And what they really want is for somebody to just fucking tell the truth about the shit that matters to them. Not to pitch some goddamn underarm deodorant or light beer or fucking big ass SUV, but just because it’s painful to be a human being. It’s great and exalted and joyful and those things should be celebrated but it’s also really tough to have a big brain that makes you conscious of yourself and your moral responsibility to others in a way in which you don’t live up to those responsibilities. So I think people just feel a sense of relief when they feel somebody isn’t fucking bullshitting them because they’re having bullshit at lunch or another crammed down their throats pretty much 24/7.
SPP: Yes I couldn’t agree with you more because I feel like I oftentimes really lack that filter. My friends kind of know it of me and just a lot of people and that’s why I think I’ve had some issues in corporate America and things because it can’t be as fake as oftentimes you’re needed to be to succeed in some areas. Do you think that art is a good way to get that expression out in a way that is genuine to you?
Steve: Well I mean it’s the best way we’ve found. I don’t know if I’m in a position to be defining what art is, but from my vantage point it’s not necessary in a material way. For people to have an imagination, for them to sort of examine their internal lives and the chaos of their internal lives, there are no profit in that. In late model capitalism it’s a complete loser product. That’s why I’m so far out on the culture range I can fucking stare over the edge.
That’s sort of what artists are supposed to be doing is saying there’s really no good reason for you to read this book or check out this painting or watch a film other than the fact that you might just be lonely and confused as hell and not know how to live another moment as a human being, unless you know that you’re not alone with all this crazy fucked up chaotic shit. And by the way, I know this sounds unbelievably depressing, but I think the people who are the most openly and honestly baffled by trying to just live and sort of survive your own bad behavior and all the horrible bad data of your own heart and of the world at large, those people generally speaking develop a really brilliant mechanism to live that. And that is a sense of fucking humor. I mean that’s kind of the one saving grace that the impulse towards forgiveness is that despite the fact that we’re all walking around lugging your soro behind us and all these shameful memories and all these invasive thoughts.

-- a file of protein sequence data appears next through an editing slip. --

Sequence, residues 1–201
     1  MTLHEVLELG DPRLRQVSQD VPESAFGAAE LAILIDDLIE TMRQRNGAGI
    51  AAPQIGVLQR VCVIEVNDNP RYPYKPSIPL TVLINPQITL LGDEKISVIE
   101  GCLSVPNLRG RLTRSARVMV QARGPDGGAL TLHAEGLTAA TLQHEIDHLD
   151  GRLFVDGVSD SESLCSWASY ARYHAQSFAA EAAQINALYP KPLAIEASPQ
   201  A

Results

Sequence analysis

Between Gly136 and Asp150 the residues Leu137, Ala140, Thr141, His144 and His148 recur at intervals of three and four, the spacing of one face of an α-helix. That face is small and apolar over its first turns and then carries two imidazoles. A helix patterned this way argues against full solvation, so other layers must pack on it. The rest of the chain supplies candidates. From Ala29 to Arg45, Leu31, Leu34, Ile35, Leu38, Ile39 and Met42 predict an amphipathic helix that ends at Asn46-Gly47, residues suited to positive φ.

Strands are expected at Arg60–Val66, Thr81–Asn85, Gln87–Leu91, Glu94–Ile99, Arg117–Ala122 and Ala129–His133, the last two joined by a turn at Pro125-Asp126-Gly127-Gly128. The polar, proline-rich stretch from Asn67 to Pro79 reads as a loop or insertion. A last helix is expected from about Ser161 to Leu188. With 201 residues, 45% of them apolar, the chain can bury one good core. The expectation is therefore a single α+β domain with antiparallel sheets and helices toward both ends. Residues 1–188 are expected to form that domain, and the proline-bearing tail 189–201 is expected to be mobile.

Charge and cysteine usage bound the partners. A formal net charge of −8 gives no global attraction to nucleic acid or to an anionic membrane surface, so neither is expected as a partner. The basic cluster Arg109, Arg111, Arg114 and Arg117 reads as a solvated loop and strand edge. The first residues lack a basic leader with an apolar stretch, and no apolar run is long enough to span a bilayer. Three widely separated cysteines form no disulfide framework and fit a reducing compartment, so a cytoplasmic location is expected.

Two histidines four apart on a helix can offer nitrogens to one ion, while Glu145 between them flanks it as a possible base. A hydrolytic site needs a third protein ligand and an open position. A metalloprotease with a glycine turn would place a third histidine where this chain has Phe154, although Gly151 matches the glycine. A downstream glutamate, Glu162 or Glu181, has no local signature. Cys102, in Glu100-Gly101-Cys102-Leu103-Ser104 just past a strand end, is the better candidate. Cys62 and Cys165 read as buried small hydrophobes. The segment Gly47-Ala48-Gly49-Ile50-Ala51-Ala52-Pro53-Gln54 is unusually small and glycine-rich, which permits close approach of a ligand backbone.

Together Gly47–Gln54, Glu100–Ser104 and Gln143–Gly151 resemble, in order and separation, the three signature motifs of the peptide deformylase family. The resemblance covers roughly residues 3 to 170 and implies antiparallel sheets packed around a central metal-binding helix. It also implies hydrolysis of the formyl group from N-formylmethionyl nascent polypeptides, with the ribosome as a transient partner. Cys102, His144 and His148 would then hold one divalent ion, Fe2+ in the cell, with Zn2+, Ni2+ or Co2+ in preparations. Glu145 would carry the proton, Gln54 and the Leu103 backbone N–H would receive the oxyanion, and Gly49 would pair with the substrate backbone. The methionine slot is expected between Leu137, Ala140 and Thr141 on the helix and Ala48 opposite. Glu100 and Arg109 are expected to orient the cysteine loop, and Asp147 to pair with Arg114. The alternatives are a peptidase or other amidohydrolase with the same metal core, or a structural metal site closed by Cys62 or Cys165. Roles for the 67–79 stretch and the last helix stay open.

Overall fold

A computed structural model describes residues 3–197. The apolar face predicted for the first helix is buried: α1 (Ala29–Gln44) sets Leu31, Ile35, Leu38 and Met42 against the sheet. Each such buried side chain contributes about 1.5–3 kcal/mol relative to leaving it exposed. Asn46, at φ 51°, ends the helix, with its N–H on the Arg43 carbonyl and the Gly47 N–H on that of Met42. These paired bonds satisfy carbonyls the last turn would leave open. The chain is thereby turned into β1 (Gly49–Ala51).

The one thing you have that human beings have developed to contend with that big brain, that big troubled brain is that they can fucking joke about it. That they can step away from it and recognize the great cosmic joke that it was being a person. So I feel like I’m coming off as very heavy handed or life is suffering or something like that.
Steve: But you know what I mean? SPP: Yes.
Steve: It’s pretty heavy stuff to talk about and doesn’t get talked about a lot. And the point is all the people who I admire have taken those few moments and are honestly ready to look at and converted them usually in humor. Like all the great stupid great sort of heartbroken idealist are humorous Twain, Vonaget, John Stewart and Colbert, the fool from King Lear. I mean this idea that comedy and tragedy are separate entities are somehow opposed is complete nonsense.
Comedy is the thing that allows you to look at your own tragedy, the tragedy of your circumstances without being crushed by them. It’s like the one thing you have. It’s Charlie Chaplain saying the only person in the United States to stand up and say “They’re turning human beings into killing machines over in Germany.” And everybody else is going “Oh well that’s over in Germany and whatever, the trains are on time over there and they’ve got funny uniforms, but it’s not affecting us.” The comedians are the ones who I think have that extra sensitivity so they pick up on more dark shit, but the way that they contend with it is that they convert it into humor.